Tuesday, July 4, 2017



Of course "trigger warnings," the controversial labels designed to let sensitive audiences know that the content they are about to read, watch or hear might upset them, are silly ideas.  Works of art, even the most commercial, are designed to elicit a reaction.  Trigger warnings strip away the wonder and joy of discovery.

But if I've ever seen any film that might make the case for a trigger warning, Okja is it.  Visually captivating and meticulously crafted, Okja manipulates emotions with a skill that borders on alarming.  In wild and weird ways, it combines tender and quiet moments of beauty and grace with vicious satire and explosive, violent anger.

In a boisterous opening scene brimming with crazed energy that director Bong Joon Ho uses in flashy ways throughout the film, Okja sets up a simple story: sometime in the future, a profit-hungry company led by loony, megalomaniacal Lucy Mirando (Tilda Swinton) develops a way to feed the world cheaply by creating a genetically modified "super-pig."  It sends 26 of these pigs all around the world for local farmers to raise, and after a decade the company will recall them all to determine the best ways to create even more of the massive, meat-laden animals that, its scientists say, can help end hunger.

For 10 years, one of those super-pigs, a female named Okja, has lived in the mountains of South Korea, where a sweet young girl named Mija (An Seo Hyun) has raised the beast with tender love and friendship.  Like Elliott and E.T., they are inseparable, until the day Mirando's henchmen come to take the creature back to meet its fate.

The team of researchers sent to retrieve the pig includes hyperactive TV personality Dr. Johnny Wilcox, played by Jake Gyllenhaal as an ethically compromised Steve Irwin on crystal meth.  While Mija's grandfather distracts her, Wilcox and his cronies take Okja -- and when Mija finds out, she sets off on a mission to Seoul to find and rescue her friend.  During an extraordinary, hair-raising truck chase through the narrow Seoul streets and highways, in which Okja escapes, Mija meets the Animal Liberation Front, a ragtag group of radicals (led by Paul Dano) who believe the nefarious Mirando and Co. are up to no good.  

As a visual and action spectacle, Okja delivers, and Mija is a captivating heroine cut from the same cloth as a Spielbergian child hero from the 1980s.  With the help of the ALF, she discovers the grim fate that awaits Okja, and Okja the film becomes a painful, borderline unwatchable treatise against the consumption of red meat and the industry that sells us food.

This is where Okja runs into its biggest problems, as it sets up the greedy captialists and sell-outs behind the big "super-pig" experiment as cartoonish buffoons.  The stark reality of what they're doing doesn't match the silliness of their presentation.  Swinton is extraordinary as both flighty, lightweight Lucy Mirando and her no-nonsense twin Nancy; she's the kind of actress who knows how to plant nightmares in the minds of both children and adults.  But what to make of the cavalier way she throws around profanity?  The bad guys in Okja toss out F-bomb like confetti at a parade, a tonally harsh contrast to the childlike wonder of much of the film.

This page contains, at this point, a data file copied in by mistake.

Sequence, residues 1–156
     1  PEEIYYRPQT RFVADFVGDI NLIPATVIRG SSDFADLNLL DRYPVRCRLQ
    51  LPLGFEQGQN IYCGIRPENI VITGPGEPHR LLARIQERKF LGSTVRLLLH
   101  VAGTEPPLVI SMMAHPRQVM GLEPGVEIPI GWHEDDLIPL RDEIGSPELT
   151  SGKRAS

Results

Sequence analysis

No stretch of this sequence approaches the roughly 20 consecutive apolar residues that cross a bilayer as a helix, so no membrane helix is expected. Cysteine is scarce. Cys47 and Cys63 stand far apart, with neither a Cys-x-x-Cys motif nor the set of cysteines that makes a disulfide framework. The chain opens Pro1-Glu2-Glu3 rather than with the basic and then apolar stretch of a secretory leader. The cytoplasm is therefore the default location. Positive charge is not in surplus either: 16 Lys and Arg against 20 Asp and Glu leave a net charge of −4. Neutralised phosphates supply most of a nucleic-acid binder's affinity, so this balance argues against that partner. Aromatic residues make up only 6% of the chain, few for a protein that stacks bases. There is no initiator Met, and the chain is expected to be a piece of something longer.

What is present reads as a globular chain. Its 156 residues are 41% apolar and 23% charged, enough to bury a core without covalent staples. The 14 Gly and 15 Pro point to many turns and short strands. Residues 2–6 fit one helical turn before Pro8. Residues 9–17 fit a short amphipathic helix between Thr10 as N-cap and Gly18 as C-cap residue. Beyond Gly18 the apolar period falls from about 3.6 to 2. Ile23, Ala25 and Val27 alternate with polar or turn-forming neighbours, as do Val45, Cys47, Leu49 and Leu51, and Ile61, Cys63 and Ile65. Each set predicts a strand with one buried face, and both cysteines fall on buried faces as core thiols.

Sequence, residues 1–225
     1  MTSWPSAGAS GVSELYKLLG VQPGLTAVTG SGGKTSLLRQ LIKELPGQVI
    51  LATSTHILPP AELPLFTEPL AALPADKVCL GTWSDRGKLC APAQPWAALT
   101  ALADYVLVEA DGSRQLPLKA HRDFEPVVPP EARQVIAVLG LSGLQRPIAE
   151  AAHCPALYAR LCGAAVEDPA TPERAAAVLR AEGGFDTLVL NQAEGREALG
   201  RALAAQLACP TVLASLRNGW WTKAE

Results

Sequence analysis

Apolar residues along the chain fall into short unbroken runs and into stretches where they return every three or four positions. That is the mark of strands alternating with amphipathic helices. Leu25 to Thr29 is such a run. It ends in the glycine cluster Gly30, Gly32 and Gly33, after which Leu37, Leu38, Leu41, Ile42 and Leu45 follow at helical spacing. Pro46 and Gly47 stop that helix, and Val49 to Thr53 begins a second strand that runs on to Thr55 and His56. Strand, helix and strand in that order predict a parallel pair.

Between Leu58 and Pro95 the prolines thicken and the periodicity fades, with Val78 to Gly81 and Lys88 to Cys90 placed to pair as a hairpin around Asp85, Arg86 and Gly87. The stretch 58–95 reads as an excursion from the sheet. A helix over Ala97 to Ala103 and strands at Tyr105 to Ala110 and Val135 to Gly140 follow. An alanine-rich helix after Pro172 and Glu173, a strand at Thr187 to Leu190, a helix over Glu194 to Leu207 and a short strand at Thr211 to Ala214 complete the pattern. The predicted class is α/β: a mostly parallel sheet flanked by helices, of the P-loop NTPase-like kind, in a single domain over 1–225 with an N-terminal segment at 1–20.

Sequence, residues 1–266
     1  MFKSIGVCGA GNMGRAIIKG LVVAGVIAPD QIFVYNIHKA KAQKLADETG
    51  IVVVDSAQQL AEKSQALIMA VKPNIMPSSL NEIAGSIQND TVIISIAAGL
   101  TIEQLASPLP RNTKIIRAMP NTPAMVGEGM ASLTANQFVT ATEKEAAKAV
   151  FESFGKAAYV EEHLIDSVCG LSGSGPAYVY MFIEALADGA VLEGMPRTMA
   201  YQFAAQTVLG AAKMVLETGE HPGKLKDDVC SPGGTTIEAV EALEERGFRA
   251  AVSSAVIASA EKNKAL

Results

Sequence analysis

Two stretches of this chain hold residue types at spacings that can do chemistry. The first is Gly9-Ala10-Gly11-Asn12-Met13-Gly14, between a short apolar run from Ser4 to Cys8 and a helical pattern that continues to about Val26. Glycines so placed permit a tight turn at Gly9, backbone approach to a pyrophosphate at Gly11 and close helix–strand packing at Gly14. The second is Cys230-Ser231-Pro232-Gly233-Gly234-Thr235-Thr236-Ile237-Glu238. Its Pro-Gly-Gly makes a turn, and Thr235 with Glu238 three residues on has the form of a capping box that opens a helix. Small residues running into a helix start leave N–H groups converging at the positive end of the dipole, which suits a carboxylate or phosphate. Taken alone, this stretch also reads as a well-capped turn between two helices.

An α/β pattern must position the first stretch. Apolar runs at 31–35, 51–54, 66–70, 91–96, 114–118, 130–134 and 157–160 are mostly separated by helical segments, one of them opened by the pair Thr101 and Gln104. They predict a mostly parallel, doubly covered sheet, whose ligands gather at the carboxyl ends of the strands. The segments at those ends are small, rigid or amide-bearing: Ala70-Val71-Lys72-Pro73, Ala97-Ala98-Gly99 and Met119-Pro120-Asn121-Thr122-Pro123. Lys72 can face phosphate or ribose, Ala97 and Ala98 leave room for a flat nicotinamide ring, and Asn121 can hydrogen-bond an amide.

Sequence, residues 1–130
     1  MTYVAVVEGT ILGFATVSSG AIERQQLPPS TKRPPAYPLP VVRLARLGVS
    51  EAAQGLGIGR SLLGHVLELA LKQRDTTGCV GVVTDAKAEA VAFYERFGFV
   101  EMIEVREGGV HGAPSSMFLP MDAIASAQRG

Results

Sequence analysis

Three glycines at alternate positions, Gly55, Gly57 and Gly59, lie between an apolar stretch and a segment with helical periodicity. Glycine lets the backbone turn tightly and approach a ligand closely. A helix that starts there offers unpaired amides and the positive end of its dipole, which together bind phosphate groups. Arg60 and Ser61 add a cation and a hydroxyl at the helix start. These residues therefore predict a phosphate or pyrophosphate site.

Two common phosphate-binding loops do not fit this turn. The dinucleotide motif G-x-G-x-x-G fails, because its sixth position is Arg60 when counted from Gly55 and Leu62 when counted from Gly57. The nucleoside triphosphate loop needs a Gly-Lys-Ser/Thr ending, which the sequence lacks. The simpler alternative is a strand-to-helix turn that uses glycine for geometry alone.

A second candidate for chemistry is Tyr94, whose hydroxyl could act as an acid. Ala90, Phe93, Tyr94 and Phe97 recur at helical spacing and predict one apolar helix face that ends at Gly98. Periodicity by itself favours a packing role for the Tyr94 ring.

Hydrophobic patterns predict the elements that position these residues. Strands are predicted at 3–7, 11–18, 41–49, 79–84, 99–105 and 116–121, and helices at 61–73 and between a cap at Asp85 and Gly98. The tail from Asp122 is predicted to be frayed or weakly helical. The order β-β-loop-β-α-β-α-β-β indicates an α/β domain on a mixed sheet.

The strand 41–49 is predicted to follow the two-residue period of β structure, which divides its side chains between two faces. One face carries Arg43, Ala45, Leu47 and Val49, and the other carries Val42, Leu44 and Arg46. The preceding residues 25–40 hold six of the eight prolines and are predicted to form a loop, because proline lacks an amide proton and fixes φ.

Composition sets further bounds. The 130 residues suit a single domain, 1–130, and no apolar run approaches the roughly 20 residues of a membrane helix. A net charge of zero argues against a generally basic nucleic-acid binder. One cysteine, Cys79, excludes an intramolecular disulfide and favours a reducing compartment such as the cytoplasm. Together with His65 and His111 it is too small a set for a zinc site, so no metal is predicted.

It turns out Okja is not at all meant for children.  When Mija and the ALF uncover what happens behind the scenes at Mirando's company, the revelation is graphic and disturbing, and once the film moves a step in that painful direction, it doesn't seem capable of stopping.  The climax is almost sadistic in the way it seems to revel in blood-soaked violence.

Yet Okja remains riveting -- despite the ways in which it taunts us to avert our eyes.  Even while I was captivated by the story, though, I had to wonder about its intentions: Is it trying to tell a grand adventure or is the goal to repulse its viewers from eating meat?  Is it meant to be a satire about the blood-stained hands of capitalists or is it meant to be a touching story about the bond of friendship?

Okja is never quite able to resolve its inconsistencies.  And yet there are elements of the film that are genuinely remarkable, including a chase sequence that is one of the few that has ever truly made me gasp.  It's a fantastically well-made film that is frequently splendid to watch.  But not everyone will be able to make it through -- certainly not children, who would seem at first glance to be one of its primary audiences, if it weren't for the profanity and the blood.

So, be warned: Okja might touch your heart deeply.  It also might just leave you nauseous.

Viewed July 3, 2017 -- Netflix

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